Articles


The Treatment of Liver Cancer by Cryoablation

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Recently someone asked me if I could tell them about the most interesting project I had worked on within the field of cryogenics. For me the answer was simple.Some twenty years ago I had the privilege of working alongside a surgeon called Tim Allen-Mersh. He was pioneering a method of treating cancers by freezing tumours with liquid nitrogen. Tim believed that the procedure of inserting a probe via a needle and freezing the tip, creating an ice ball which would then freeze the tumour, could delay symptoms resulting from the disease's growth and sustain the patient's quality of life. His hope was that the procedure would also prolong life by controlling the disease within the liver.

His focus at that time was to find a way to treat liver cancer by cryoablation. Tim and his team were using a liquid nitrogen system that had been acquired by the company I worked for and the freeze performance wasn’t good enough for what they were trying to achieve. As one of Spembly Medical’s design engineers, I was asked if I could redesign the probe and enhance its performance so that the probe’s diameter decreased and the ice ball size increased.

By incorporating a heat exchanger in the tip, I was able extract as much cold energy from the liquid nitrogen as possible. Further optimisations of the probe allowed me to produce larger ice balls with smaller diameter probes, decreasing the tip from around 10mm to 5mm.

I manufactured and tested some prototypes and once I was satisfied with the result, I took the probes to the Chelsea and Westminster hospital in London, for use in surgery. The procedure was carried out under general anaesthetic in the CAT scan suite. I set up the machine by filling with liquid nitrogen and pressurising the unit, whilst the patient was scanned to locate the tumour’s position. A needle was then inserted through the abdomen into the tumour. The surgeon re-scanned the patient and re-positioned the needle until he was satisfied with the result.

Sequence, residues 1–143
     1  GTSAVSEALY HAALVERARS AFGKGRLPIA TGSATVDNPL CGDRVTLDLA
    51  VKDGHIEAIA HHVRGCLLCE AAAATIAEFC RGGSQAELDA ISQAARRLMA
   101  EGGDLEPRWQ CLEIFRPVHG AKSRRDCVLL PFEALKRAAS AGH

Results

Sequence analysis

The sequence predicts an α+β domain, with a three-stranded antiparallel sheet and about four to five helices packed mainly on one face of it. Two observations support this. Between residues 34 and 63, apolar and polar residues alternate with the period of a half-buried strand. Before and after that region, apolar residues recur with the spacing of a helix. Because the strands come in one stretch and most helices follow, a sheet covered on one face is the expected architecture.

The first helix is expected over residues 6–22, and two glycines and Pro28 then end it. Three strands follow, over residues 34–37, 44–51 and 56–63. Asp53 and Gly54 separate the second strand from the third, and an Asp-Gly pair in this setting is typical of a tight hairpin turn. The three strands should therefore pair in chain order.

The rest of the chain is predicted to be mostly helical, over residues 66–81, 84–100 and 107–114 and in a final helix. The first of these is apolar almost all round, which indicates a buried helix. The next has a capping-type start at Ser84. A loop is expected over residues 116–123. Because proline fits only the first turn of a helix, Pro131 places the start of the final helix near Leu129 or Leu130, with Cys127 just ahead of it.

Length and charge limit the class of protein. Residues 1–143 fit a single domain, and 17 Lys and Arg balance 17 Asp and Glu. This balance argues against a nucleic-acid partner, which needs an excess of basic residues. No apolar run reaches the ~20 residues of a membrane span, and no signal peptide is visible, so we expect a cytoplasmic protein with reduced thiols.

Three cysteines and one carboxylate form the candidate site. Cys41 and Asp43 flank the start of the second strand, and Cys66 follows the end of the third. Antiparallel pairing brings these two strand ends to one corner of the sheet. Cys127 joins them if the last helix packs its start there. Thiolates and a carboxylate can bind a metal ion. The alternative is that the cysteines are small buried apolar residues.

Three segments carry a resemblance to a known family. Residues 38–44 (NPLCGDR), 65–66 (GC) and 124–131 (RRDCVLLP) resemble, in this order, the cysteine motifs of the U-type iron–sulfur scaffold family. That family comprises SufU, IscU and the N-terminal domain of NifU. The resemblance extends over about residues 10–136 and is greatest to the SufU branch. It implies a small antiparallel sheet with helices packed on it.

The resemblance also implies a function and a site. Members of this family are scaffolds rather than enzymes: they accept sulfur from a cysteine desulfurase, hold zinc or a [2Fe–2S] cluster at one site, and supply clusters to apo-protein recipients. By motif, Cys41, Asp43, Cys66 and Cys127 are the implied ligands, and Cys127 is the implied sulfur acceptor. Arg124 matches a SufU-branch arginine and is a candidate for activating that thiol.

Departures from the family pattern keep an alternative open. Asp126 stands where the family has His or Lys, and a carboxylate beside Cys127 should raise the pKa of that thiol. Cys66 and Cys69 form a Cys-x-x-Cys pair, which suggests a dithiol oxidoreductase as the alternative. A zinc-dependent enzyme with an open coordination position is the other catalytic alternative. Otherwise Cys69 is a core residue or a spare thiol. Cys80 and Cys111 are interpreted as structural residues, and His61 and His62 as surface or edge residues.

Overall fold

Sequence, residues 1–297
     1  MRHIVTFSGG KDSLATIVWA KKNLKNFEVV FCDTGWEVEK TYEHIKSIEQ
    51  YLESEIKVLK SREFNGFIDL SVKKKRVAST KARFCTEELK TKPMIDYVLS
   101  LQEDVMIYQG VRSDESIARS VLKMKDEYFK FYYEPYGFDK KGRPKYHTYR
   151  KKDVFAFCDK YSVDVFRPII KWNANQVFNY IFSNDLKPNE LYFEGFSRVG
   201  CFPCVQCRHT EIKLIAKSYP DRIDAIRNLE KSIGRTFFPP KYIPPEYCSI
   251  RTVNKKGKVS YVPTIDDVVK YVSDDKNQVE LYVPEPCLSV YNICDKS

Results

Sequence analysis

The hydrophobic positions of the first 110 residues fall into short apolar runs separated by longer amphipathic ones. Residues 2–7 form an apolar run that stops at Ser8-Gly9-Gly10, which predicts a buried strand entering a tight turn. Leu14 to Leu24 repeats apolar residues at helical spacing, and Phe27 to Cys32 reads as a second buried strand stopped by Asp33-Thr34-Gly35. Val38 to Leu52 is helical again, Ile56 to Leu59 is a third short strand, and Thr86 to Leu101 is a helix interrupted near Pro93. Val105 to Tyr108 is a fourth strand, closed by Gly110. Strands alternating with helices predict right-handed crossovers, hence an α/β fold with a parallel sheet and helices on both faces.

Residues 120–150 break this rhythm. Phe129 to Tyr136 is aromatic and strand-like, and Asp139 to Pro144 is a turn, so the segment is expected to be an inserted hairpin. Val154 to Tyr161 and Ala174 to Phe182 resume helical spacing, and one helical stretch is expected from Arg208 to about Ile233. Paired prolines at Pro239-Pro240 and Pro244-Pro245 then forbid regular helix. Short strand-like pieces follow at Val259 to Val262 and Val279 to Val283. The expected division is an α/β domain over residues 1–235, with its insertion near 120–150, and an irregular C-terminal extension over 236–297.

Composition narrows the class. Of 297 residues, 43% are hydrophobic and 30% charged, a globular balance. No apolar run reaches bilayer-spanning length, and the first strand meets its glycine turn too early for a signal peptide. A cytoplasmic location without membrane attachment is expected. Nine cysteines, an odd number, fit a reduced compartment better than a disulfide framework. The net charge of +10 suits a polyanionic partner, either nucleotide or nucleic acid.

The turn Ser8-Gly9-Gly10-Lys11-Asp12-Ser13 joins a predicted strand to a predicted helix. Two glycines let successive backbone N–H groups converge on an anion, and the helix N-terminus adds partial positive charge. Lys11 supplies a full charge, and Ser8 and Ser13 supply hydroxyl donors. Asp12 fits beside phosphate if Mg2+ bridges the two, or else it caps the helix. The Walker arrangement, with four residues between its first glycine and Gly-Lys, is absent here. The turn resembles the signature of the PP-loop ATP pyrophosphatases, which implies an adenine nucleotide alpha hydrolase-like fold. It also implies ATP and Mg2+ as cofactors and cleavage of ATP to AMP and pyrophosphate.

The probe was then inserted percutaneously using the needle as a guide and a freeze cycle of 15 minutes then started. My role was to observe and advise Tim on expected ice ball size and temperature. Tim was able to measure the ice growth using an ultrasound scanner, with images in real time.

I visited the hospital a few more times and on each occasion, I made improvements to the performance of the probe and reduced the probe’s size. During those visits, I worked with Tim to make an additional probe and both probes were then used at the same time to make a much bigger ice ball, which had a better clinical outcome for treating larger tumours.

I still become very animated when I talk about it today. I remember the tension and anticipation, coupled with the excitement and relief of the success of the procedure. It was an amazing experience to have been a part of and from a professional point of view, it gave me a real sense of accomplishment.

Seeing the probes used in clinical use and discussing performance with the surgeon directly, allowed me to match the design of the probe perfectly with his needs and requirements. I gained a much better understanding of how to get the most out of cold gas and liquid in the tip of the probe, so that we could achieve the best freezing performance possible.